In the box
The box of the mouse is relatively simple and doesn't contain anything else but the mouse and a 'getting started'-guide. The box itself is a fairly sturdy reusable travel case, so that the mouse can be safely transported. No software or adapters are delivered with the product.
Cracking the numbers
HyperX provided the Pulsefire with a Pixart 3310 Sensor, with an adjustable sensitivity in the range of 400 - 3200 DPI. The sensitivity can't be changed with any software, but the mouse comes with a sensitivity button to cycle between 4 preset DPI settings. The PulseFire FPS has a polling rate of 1000 Hz and a tracking speed of 100 IPS. At a non-adjustable weight of 95 grams, this mouse definitely falls in the lighter end of the gaming mice spectrum. The mouse uses a standard USB 2.0 connector cable with a length of 1.8m.
The Pulsefire is a right-handed mouse with 6 non-reprogrammable buttons with underlying Omron-switches for extended durability. The shape of the mouse follows closest to a palm-grip type, although the mouse is not excessively large, which makes it usable for people with smaller hands as well as users who might be used to a claw-grip type. The cable is nylon-braided and has red markings on it to distinguish it more easily from other cables that might be cluttered behind your desktop. The mouse has red LED-lighting and a coloured led on the sensitivity button to indicate which one of the 4 preset DPI settings it is using (400/800/1600/3200). The sides of the mouse are sporting textured no-slide grips to have a firm hold of the device at all times.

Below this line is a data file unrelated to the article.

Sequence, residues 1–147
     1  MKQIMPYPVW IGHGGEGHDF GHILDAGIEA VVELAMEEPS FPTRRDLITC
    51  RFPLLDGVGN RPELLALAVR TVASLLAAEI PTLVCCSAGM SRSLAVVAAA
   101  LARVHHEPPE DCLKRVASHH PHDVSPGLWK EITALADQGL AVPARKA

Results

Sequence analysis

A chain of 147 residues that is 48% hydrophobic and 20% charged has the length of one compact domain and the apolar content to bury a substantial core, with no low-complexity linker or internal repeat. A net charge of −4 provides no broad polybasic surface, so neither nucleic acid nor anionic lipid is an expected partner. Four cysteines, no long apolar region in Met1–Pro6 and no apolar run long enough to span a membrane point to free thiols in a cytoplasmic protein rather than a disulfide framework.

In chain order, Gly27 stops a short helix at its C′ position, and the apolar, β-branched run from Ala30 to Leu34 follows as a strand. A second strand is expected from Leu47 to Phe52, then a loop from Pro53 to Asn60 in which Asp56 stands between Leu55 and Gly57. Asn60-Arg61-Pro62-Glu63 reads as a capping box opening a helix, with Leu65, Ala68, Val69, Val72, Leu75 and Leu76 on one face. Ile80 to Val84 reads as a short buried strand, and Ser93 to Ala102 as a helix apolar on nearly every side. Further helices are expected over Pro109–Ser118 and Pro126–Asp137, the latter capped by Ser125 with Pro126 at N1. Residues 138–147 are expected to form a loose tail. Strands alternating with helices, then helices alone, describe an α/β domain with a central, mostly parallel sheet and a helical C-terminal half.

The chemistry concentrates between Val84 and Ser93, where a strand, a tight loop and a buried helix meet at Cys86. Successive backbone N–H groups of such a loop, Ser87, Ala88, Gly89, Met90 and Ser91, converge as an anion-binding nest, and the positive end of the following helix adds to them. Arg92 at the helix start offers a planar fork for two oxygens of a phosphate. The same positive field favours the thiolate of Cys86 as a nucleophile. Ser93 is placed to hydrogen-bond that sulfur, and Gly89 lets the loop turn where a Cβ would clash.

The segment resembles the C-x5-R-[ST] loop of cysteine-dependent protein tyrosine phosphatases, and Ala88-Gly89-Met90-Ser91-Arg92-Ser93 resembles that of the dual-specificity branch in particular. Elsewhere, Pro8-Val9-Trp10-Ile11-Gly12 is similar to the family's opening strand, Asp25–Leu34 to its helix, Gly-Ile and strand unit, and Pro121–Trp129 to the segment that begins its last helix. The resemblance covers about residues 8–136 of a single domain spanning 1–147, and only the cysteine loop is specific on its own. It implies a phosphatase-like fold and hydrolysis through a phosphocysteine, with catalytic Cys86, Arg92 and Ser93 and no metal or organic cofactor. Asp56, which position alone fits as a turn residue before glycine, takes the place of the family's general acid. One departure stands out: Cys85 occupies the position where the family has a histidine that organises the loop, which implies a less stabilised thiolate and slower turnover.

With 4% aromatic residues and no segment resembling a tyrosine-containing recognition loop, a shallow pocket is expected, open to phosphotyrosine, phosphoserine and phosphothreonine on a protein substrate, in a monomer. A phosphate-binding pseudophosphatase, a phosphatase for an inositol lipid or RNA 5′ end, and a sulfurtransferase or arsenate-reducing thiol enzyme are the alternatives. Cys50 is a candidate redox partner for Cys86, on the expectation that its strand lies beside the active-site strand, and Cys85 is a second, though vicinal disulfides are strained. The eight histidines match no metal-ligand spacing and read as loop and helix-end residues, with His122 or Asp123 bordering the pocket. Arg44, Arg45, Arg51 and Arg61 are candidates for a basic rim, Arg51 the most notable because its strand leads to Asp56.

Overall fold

Software and Compatibility
This gaming peripheral does not come with predelivered customizing software. The mouse is ready to go by just plugging it into the pc, whether it be a Windows, Mac or Linux computer.
The device has an all-round okay specification with the look and feel of a budget gaming mouse. The lack of software, button customization, or RGB-LED lighting is a small letdown, but the biggest downside of this mouse for me is the lacking sensor. I use my daily driver at a sensitivity of 8200 DPI, and a mouse that only has 4 settings with a maximum of 3200 DPI just doesn't cut it for me. Most users probably won't need to crank up their sensitivity as high as I do, but I believe a setting of around 5000 DPI isn't something unreasonable to ask for, and that is something a regular user might actually use. After using the mouse for an extended time, I must say it glides comfortably along the surface (a HyperX Fury S Mousepad was used for this test), and it feels comfortable in your hand, albeit a little too lightweight.
The HyperX Pulsefire FPS is a good mouse for daily use if you don't need any bells and whistles like RGB lighting, a highly sensitive sensor, or reprogrammable buttons. However, it is a bit lacking in the sensor department with a maximum DPI setting of 3200. I would place this mouse in the budget gaming market segment, but the price of the unit doesn't justify this: at a price point of 59.99 EUR, it attempts to compete with the big players in the high-end mice sector, which it just fails to do at this point. This is why the Pulsefire FPS gets a 5/10 as a Blackholetec Review score.